WV mine safety bill passes 2nd Senate committee - Business, Government Legal News from throughout WV

WV mine safety bill passes 2nd Senate committee

Posted:
  • EnergyEnergyMore>>

  • UMWA endorses Tennant at annual Labor Day Celebration in Racine, WV

    UMWA endorses Tennant at annual Labor Day Celebration in Racine, WV

    Monday, September 1 2014 3:49 PM EDT2014-09-01 19:49:35 GMT
    United Mine Workers of America will feature food, entertainment and presentations by political and labor leaders at its 76th Annual Labor Day Celebration in Boone County on Sept. 1.
    United Mine Workers of America will feature food, entertainment and presentations by political and labor leaders at its 76th Annual Labor Day Celebration in Boone County on Sept. 1.
  • Feds want nuclear waste train, but nowhere to go

    Feds want nuclear waste train, but nowhere to go

    Monday, September 1 2014 12:11 PM EDT2014-09-01 16:11:52 GMT
    The tracks were supposed to lead to a depository at Yucca Mountain in Nevada, where Congress intended to send radioactive fuel. Instead, the Obama administration cancelled a project that had been criticized as inadequate and opposed by many Nevadans.
    The tracks were supposed to lead to a depository at Yucca Mountain in Nevada, where Congress intended to send radioactive fuel. Instead, the Obama administration cancelled a project that had been criticized as inadequate and opposed by many Nevadans.
  • WV workforce lacks oil and gas expertise — for now

    WV workforce lacks oil and gas expertise — for now

    Sunday, August 31 2014 5:00 PM EDT2014-08-31 21:00:19 GMT
    Despite the relatively high amount of natural gas production in West Virginia, less than 3 percent of employees in some of the major occupations that make up the sector's workforce live in the Mountain State.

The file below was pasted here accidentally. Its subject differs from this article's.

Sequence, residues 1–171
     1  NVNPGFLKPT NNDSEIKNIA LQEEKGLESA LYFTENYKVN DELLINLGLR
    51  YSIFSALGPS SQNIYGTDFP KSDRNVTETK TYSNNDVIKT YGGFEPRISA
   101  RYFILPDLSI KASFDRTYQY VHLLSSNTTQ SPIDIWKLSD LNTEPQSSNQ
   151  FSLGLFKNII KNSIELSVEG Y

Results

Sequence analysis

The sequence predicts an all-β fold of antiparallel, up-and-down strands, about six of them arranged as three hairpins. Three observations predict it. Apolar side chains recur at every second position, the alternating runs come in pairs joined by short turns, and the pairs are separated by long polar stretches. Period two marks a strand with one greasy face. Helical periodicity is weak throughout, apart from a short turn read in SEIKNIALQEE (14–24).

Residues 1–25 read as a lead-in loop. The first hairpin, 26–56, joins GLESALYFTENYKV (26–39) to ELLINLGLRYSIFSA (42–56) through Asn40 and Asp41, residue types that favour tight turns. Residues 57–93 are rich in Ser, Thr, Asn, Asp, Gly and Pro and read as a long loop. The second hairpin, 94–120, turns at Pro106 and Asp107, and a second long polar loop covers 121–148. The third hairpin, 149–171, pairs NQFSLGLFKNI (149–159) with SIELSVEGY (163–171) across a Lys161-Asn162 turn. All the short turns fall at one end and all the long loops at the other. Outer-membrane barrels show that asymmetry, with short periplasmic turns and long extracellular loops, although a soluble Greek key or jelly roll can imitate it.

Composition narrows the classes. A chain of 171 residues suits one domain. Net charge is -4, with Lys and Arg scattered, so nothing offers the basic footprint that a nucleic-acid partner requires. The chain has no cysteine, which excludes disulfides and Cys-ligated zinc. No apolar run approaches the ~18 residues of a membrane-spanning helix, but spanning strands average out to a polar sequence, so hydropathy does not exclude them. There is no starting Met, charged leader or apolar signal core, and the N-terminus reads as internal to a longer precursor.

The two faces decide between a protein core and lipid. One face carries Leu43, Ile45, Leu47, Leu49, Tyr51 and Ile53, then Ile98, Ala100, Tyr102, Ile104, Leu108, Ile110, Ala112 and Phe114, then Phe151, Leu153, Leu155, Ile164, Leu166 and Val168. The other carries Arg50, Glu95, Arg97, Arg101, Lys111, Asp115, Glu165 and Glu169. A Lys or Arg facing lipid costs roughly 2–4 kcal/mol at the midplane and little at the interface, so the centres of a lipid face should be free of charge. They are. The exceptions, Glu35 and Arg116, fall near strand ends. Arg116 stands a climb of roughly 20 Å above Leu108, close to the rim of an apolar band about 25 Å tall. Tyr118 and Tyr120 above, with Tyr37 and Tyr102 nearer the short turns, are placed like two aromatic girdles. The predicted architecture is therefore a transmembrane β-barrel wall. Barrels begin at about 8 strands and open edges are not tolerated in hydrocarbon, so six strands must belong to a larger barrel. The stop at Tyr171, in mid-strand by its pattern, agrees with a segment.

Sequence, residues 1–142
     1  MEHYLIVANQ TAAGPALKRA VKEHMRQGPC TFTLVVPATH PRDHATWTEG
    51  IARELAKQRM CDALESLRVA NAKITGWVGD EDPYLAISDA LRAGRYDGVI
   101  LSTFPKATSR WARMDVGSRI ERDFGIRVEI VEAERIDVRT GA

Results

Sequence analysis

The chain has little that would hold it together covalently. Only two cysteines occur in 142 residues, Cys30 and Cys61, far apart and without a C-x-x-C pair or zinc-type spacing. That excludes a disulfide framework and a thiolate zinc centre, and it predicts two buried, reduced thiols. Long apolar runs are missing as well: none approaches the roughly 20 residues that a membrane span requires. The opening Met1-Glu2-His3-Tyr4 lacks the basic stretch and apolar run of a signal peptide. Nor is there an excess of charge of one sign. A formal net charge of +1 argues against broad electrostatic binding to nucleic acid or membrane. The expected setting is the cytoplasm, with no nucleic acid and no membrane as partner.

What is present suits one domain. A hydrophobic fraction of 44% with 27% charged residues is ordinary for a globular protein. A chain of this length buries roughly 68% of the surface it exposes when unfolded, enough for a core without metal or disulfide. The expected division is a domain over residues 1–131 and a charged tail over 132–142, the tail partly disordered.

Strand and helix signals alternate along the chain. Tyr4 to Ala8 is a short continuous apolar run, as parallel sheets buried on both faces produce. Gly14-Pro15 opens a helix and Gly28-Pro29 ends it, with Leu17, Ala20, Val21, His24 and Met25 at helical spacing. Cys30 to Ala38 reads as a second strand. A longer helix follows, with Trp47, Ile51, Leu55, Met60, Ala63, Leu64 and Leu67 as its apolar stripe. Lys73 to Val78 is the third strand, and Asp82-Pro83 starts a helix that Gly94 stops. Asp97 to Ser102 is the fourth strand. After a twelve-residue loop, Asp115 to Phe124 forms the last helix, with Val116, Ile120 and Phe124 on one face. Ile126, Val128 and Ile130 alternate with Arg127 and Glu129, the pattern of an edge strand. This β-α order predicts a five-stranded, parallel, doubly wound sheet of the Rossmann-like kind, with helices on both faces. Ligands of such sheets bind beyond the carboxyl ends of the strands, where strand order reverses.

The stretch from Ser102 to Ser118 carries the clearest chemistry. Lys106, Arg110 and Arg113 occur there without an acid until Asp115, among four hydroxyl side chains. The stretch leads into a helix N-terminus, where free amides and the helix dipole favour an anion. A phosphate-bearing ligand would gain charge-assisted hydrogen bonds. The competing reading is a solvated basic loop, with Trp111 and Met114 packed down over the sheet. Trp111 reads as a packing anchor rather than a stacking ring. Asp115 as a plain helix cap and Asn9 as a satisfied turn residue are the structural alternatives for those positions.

Despite the relatively high amount of natural gas production in West Virginia, less than 3 percent of employees in some of the major occupations that make up the sector's workforce live in the Mountain State.

The governor's mine safety bill had one more amendment tacked on to changes made by the House of Delegates.

The mine safety bill has already unanimously cleared the House of Delegates and is on the second of three readings on the Senate side today. According to Senate leadership and the governor's office, the bill is expected to clear the legislative process relatively quickly.

The amendment, offered by Sen. Mark Wills, D-Mercer, offers mostly small, technical changes to the bill, said Sen. Corey Palumbo, D-Kanawha, chair of the Senate Judiciary committee. The amendment, Palumbo said, included just one substantive change.

"It would eliminate the requirement that a form that notifies a certified person on the surface of a dangerous condition," Palumbo said. "They would still have to note it in their book. I think the thought was there wouldn't always be a certified person on the surface to notify."

Palumbo said it was change that everybody agreed with, and that he was confident there was plenty of support in the Senate for continued movement of the bill.

"I don't think there will be any problem at all," Palumbo said.

The bill, a package of mine safety efforts, could be on the Governor's desk for signature by early next week.

Among other provisions, the bill codifies an anonymous tip line for miners to report safety issues, provides a method for submission of ventilation plans, increases state rock dust standards and tightens methane level shutdown limits, increases criminal accountability following a mine accident.

The bill was drafted largely in response to the Upper Big Branch mine disaster that killed 29 coal miners in Raleigh County April 5, 2010.

Powered by WorldNow
All content © Copyright 2000 - 2014 WorldNow and WVSTATE. All Rights Reserved.
For more information on this site, please read our Privacy Policy and Terms of Service.